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PCOS, Ovulation and Fertility

7 September 2020

Polycystic Ovarian Syndrome (PCOS) is a common hormonal condition affecting 5-10% of women of reproductive age. In PCOS, the ovaries are bigger and have many follicles that contain immature eggs. It is the number one cause for non-ovulation and is often associated with infertility and metabolic disorders.

How do I know if I have PCOS?

PCOS has 3 main characteristics:

  • Irregular or infrequent periods
  • High levels of male hormones, which may cause physical signs such as excess hair (usually on the face, chest, back or buttocks)
  • Polycystic ovaries: ovaries contain many fluid-filled sacs (follicles) that surround the eggs

Your doctor will request a blood test to check your testosterone levels and a scan to check for polycystic ovaries. You may also have other signs and symptoms of PCOS:

  • difficulty getting pregnant as a result of irregular ovulation or failure to ovulate
  • thinning hair and hair loss on the head
  • weight gain
  • oily skin or acne

PCOS: other risk factors

  • Women with PCOS present also present an increased risk of developing:
  • Cardiovascular disease
  • Diabetes type 2
  • Gestational diabetes
  • Impaired glucose tolerance
  • Sleep apnoea
  • Endometrial cancer
  • Anxiety and depression
  • Eating disorders

PCOS, ovulation and fertility

PCOS is one of the most common causes of female infertility, representing 80% of all cases of infertility related to non-ovulation. Women with PCOS may have eggs that either don’t fully mature or aren’t released from the follicles. This is often related to hormonal changes. 

  • LH and FSH are hormones that encourage ovulation. Most women have equal amounts of LH and FSH during the beginning of the cycle and have an LH surge about 24 hours before ovulation. In PCOS, women may have LH levels two or three times above FSH levels. The change in LH to FSH ration is enough to disrupt ovulation.
  • Women with PCOS also tend to have increased levels of testosterone and dehydroepiandrosterone (DHEA-S), which can suppress normal menstruation and ovulation.
  • Progesterone levels can be used to check if the egg was released or not. By measuring progesterone 7 days after ovulation, if the levels are greater than 14ng/ml, ovulation has occurred. If levels are low, the cycle was anovulatory. This is important because you may have signs that ovulation happened, but the egg hasn’t actually been released from the follicle.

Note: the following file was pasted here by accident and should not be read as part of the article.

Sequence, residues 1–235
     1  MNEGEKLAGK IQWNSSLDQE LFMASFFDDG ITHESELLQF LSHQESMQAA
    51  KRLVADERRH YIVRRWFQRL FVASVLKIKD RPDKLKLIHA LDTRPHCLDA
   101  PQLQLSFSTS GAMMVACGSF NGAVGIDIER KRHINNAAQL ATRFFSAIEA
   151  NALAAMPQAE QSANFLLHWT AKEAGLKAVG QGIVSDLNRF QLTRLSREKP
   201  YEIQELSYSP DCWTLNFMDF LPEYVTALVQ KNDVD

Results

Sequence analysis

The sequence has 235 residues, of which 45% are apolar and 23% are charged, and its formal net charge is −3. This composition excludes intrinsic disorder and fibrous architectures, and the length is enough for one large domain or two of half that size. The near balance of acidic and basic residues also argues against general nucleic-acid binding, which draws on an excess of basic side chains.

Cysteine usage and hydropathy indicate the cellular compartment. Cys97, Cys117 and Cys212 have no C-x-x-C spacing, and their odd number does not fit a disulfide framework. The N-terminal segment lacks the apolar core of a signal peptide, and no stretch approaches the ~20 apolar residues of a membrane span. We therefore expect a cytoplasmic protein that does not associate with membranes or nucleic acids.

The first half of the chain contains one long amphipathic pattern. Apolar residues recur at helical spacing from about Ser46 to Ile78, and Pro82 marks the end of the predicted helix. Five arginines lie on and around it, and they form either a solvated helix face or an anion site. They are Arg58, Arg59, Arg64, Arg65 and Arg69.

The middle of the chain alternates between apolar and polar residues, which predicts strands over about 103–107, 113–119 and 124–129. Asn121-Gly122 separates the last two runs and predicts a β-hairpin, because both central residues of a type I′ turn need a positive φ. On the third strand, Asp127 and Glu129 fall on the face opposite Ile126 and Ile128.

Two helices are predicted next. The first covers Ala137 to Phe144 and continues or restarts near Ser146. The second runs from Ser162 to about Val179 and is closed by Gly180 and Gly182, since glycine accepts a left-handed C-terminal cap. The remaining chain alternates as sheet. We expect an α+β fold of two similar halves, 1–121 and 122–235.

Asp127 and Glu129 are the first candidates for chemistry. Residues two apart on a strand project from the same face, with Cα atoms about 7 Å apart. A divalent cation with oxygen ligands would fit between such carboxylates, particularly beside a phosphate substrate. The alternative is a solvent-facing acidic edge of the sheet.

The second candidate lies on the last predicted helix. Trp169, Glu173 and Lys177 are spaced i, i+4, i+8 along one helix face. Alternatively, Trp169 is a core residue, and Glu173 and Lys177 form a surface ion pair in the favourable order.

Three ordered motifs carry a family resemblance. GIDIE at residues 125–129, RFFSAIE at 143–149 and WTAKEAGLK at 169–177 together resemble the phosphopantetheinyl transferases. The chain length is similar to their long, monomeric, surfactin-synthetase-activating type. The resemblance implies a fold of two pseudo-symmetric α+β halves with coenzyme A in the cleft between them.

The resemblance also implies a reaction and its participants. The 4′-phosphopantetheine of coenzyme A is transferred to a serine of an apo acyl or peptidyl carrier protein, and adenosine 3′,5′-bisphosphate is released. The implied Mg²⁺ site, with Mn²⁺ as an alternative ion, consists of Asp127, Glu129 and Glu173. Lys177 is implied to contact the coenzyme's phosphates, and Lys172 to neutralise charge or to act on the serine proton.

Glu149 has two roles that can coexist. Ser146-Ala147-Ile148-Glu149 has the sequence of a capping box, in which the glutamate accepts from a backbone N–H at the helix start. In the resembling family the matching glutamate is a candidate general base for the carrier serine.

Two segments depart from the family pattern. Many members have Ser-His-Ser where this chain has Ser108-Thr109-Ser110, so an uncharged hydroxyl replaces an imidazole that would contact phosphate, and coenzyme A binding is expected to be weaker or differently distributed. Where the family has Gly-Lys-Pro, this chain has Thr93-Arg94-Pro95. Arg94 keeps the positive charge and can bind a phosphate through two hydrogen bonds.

The first line of treatment for getting pregnant with PCOS is lifestyle changes, folic acid supplements to prevent the risk of birth defects and reducing the consumption of tobacco and alcohol. Studies suggest a weight loss of just 5% can lead to significant improvement in PCOS. This can be achieved by exercising regularly and eating a healthy balanced diet. Daily food intake should include at least 5 portions of fruit and vegetables, whole foods, lean meats, fish and chicken. As you improve your lifestyle, you can continue using myLotus to track your LH levels and time intercourse to your fertile window.

If ovulation isn’t happening, the doctor may prescribe clomiphene citrate. In this case, you will still be able to track ovulation using myLotus and time intercourse to your fertile window to increase your chances of conception. Around 15% of women are resistant to clomiphene, in which case the doctor may suggest a different medication (exogenous gonadotropins - FSHr or HMG). In this case, you will also be able to track ovulation using MyLotus and time intercourse or you may have IUI.

Laparoscopic ovarian surgery (ovarian drilling) is an option for women who are not ovulating, are resistant to clomiphene and need surgery for another reason like pelvic pain. This procedure can also improve ovulation and pregnancy rates.

The third line of treatment is IVF when previous treatments have failed. The risk of OHSS is the main complication in women with PCOS and the doctor may adjust the medication dose to prevent it.

In conclusion, PCOS is the most common hormonal condition affecting fertility. Although some people may need IUI or IVF, for most women, lifestyle change, weight loss and tracking ovulation for timed intercourse is enough to help them get pregnant. Sometimes the doctor may also prescribe medication to help you ovulate.

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